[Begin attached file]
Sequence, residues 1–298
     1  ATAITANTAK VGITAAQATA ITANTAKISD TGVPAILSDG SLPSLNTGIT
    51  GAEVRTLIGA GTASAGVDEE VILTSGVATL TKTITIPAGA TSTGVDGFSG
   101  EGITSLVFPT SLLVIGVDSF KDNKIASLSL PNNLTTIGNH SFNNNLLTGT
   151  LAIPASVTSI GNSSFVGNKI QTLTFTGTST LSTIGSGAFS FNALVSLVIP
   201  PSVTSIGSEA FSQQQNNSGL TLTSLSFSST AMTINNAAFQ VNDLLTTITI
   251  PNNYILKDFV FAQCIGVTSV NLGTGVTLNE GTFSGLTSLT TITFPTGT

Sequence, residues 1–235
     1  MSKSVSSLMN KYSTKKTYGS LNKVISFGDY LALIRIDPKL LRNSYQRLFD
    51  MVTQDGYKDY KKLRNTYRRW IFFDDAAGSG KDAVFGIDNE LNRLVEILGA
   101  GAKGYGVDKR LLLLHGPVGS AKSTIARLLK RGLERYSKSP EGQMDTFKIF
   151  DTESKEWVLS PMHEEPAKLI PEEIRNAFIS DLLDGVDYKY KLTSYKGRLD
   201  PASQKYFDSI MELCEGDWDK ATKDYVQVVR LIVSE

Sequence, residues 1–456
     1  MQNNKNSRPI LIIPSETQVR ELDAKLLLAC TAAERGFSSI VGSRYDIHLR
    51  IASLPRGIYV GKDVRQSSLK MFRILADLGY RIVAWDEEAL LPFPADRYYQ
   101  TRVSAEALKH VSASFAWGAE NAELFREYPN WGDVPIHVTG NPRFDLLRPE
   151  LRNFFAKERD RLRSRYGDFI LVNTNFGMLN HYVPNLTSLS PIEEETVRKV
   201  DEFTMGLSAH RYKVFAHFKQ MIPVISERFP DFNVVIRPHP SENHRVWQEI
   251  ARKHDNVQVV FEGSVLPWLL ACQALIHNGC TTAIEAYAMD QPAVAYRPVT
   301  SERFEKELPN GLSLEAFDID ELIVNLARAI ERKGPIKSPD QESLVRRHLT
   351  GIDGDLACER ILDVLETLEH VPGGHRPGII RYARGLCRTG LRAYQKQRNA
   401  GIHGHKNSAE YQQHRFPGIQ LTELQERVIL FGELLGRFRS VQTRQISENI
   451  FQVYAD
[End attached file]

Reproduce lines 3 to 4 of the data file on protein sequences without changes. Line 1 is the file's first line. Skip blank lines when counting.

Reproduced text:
    51  GAEVRTLIGA GTASAGVDEE VILTSGVATL TKTITIPAGA TSTGVDGFSG
   101  EGITSLVFPT SLLVIGVDSF KDNKIASLSL PNNLTTIGNH SFNNNLLTGT